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The extent of the right of trade union members
to paid and unpaid time off, or ‘facility time’, is an
important issue for public sector employers. In a report of November 2011, the
(TPA) found that public sector employers permitted trade unions an estimated £80 million in paidstaff-time in 2010-11.
In July 2012, the Cabinet Office issued a consultation into the means by whichthe indirect subsidy to trade unions might be reduced under the existing regulatory framework.
Attempts to reduce facility time have met with strident trade union opposition.
Much of the debate has been framed in response to the large number of employees paid by publicsector employers to work full time on union responsibilities. This is not a legal requirement: the lawonly perm
its employees to ‘request’ time
off and requires such requests to be allowed only where
the request is ‘reasonable’ and where the union work falls
under defined responsibilities.This is an important distinction
employers must be permitted to consider requests whenever unionmembers request time-off and must be able to determine whether each request is reasonablebefore deciding whether to allow the request.An employee has no right to take time off without permission, even if it would inevitably have beengranted had he asked.
(It should perhaps be emphasised that an exception to this is in relation todisciplinary and grievance hearings, where an employee has an absolute right to be accompanied bya union representative or fellow worker of his choice. In such cases, the employer must allow thefellow worker reasonable time off.)ACAS issued a code of conduct in 2010, which includes comprehensive guidance to employees and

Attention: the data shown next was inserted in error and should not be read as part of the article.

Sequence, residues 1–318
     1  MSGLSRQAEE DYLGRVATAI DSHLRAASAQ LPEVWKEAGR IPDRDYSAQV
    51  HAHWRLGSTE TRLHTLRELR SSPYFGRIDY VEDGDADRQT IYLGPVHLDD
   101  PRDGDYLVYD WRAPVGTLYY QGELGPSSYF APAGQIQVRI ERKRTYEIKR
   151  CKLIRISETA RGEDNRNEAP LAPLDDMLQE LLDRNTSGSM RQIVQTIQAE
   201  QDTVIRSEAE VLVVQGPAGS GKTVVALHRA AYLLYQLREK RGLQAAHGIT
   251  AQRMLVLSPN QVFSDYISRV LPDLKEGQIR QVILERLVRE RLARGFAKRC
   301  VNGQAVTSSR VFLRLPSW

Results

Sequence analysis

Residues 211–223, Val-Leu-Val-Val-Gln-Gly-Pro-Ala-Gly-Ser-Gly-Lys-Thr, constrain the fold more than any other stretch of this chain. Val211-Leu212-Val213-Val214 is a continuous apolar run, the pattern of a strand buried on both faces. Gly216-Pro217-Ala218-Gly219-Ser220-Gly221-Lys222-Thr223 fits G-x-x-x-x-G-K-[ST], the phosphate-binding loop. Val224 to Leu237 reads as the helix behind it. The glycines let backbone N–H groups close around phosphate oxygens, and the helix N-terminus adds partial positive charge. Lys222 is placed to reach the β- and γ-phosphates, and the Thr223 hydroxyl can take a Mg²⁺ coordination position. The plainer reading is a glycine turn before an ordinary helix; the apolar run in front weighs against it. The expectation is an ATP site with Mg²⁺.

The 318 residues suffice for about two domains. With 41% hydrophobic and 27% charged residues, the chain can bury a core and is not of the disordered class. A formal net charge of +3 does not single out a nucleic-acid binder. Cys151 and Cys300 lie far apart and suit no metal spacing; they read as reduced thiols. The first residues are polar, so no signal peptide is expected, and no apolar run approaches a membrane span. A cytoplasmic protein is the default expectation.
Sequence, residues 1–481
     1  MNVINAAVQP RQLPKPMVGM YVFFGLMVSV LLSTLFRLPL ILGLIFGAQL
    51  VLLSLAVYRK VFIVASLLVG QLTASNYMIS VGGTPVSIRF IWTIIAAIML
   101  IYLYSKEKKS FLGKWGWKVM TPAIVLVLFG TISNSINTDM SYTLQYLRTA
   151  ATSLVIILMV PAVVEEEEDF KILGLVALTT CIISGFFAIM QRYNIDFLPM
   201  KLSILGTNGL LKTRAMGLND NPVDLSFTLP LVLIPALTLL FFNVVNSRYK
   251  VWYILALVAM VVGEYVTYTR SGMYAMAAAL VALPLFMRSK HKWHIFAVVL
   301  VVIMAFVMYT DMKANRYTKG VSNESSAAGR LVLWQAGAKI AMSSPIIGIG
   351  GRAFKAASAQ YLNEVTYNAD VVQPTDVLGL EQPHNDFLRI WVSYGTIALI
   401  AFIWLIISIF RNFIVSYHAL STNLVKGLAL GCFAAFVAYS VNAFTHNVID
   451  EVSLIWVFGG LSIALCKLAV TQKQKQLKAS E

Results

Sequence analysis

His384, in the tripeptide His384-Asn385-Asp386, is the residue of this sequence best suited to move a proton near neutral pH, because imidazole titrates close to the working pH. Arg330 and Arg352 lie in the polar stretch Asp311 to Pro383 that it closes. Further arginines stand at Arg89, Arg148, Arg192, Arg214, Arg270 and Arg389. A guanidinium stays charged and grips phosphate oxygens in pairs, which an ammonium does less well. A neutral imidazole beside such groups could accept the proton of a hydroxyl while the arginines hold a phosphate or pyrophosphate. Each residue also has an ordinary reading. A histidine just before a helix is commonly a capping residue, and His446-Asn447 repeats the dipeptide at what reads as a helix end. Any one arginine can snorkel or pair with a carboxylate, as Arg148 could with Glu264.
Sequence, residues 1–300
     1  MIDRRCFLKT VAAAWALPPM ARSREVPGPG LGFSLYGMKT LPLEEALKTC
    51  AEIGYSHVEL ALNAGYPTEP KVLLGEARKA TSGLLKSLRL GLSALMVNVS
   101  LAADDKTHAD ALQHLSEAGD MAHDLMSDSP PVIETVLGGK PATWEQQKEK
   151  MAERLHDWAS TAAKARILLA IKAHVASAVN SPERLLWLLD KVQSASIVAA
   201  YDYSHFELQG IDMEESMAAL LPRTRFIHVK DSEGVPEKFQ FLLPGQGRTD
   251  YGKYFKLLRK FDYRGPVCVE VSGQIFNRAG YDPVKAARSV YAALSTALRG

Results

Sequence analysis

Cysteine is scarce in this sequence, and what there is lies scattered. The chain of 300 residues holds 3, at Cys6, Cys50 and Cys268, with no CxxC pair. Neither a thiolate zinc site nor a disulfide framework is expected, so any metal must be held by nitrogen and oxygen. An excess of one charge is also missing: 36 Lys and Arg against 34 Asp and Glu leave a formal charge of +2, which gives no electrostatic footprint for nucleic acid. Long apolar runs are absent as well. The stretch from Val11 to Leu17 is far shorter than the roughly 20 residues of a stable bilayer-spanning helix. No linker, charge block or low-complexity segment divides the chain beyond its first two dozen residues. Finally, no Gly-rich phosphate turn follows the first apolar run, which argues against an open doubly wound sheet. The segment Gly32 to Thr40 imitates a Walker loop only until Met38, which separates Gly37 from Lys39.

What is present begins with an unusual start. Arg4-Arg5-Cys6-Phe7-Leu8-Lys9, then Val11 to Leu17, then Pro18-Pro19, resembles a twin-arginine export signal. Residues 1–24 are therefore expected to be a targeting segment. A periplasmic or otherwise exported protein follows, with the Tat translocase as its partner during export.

employers about the extent of employees’ rights to time off for trade union responsibilities.
As aguide to good practice, the Code does not have legal force. However, it may be taken into account inEmployment Tribunal proceedings where it relates to any issue under dispute. The Code isparticularly likely to be considered where there is a dispute between employer and employee over
whether an employer’s request for time off was ‘reasonable’.
This briefing note outlines the limitations of employe
es’ rights to be permitted to take time
-off forunion duties, union activities, training activities and within grievance and disciplinary hearings andinvestigations. It is intended as a guide to the existing regulatory framework, particularly for publicsector employers, although it will be of relevance to any employer.
The headings in this document talk about trade union ‘responsibilities’. This is not a term used in the
legislation but is used generically to refer to all occasions on which employees may request paid orunpaid time-off, which fall into distinct categories with separate (although overlapping) legalrequirements.
Taxpayer funding of trade unions 2011
Consultation on reform to Trade Union facility time and facilities in the Civil Service
Unison News Update ,
Unions Under Attack
Ryford Ltd v Drinkwater
 IRLR 16, EAT
Time Off for Trade Union Duties and Activities, Code of Practice 3